When Matt Hedges had the ball against Martinique, for example, Kellyn Acosta should have had one eye on Hedges and one eye on his center midfielder partner Christian Roldan. Roldan needs to be doing the same. So when Acosta goes to get the ball, Roldan is making a similar move at the same time. Ideally, one of the strikers will drop into the gap or a wide player will tuck in and take the space the center mids vacated when they checked to the ball, as well. This is when we start to get connections better than the wall pass back to the center defender. This, when players feel the game in the same way and watch each other’s movements, is when we start to get the soccer that fans crave.
Part of it, too, comes down to Bruce Arena’s player selection and the media and fanbase’s appetite for certain players. Bravery and comfort on the ball are crucial—and too often overlooked—attributes. We spend too much time talking about pace and “skill.” What does skill even mean? Skill doesn’t mean a damn thing if you can’t keep your nerve with a ball flying at you in the middle of the field with three defenders around you and 40,000 people in the stands. It’s a special ability to be able to deal with those moments.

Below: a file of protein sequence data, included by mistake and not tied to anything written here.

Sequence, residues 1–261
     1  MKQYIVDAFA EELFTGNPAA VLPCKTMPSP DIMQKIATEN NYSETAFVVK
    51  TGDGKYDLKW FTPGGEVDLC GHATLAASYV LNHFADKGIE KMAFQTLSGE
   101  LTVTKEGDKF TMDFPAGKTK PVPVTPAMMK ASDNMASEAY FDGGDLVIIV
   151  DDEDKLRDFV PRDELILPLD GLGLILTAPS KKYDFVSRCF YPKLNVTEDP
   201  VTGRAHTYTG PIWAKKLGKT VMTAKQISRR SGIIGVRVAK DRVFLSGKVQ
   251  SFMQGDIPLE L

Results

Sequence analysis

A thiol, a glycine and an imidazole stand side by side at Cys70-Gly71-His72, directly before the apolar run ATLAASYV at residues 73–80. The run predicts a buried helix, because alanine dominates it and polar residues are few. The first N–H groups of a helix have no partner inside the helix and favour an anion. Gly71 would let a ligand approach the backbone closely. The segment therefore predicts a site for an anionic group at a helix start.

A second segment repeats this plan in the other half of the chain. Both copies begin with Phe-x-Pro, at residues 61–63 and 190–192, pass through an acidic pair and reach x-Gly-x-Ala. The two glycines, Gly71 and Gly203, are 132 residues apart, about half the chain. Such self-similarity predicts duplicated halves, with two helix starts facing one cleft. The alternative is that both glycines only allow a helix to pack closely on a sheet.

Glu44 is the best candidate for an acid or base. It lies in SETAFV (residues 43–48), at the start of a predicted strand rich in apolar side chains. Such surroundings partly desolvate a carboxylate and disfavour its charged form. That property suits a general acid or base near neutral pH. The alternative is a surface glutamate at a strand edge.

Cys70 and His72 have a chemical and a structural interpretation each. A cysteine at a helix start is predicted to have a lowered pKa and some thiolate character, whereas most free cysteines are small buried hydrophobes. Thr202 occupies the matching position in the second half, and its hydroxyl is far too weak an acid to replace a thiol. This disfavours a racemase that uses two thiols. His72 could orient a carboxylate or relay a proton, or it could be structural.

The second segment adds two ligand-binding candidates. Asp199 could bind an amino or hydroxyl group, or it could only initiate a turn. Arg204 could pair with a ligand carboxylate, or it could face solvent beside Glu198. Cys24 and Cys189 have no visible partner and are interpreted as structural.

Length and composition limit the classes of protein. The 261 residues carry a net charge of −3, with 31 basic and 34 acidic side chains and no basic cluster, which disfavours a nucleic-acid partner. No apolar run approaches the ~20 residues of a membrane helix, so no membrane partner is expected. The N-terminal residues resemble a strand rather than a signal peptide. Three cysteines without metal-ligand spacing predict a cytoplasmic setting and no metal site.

Who can do it in the current player pool? Kyle Beckerman was the best at it for most of the last decade. He wasn’t the most talented player, but he had marbles the size of basketballs and always wanted the ball. Michael Bradley is in the top echelon, as well. Darlington Nagbe is the best in MLS at this. He will take any ball, anytime, anywhere, and make it look easy beyond any player I can remember in a U.S. jersey. Kelyn Rowe and Lee Nguyen are under-the-radar players who excel at it. It’s the main tool in Scott Caldwell and Wil Trapp’s repertoire, but they are both perhaps a little slow on the half-turn for the top level. You’ll notice I didn’t include Kellyn Acosta. I rate Kellyn Acosta as high as any player I’ve seen come through the U.S. in my lifetime, but this is the one weakness in his game. He’s not comfortable receiving the ball in tight spots, and too often he tries to force passes rather than keeping it simple and building rhythm. If Acosta adds the idea of building rhythm and tempo to his game, I see his ceiling being higher than Christian Pulisic’s.
In sum, center midfield is a fairly easy position, but sometimes the easier things in soccer are the toughest things to do (to steal a quote pretty much word for word from Johan Cruyff). Be brave. Keep it simple.
You can find Bobby’s recent book on life as a professional player at whenthedreambecamereality.com.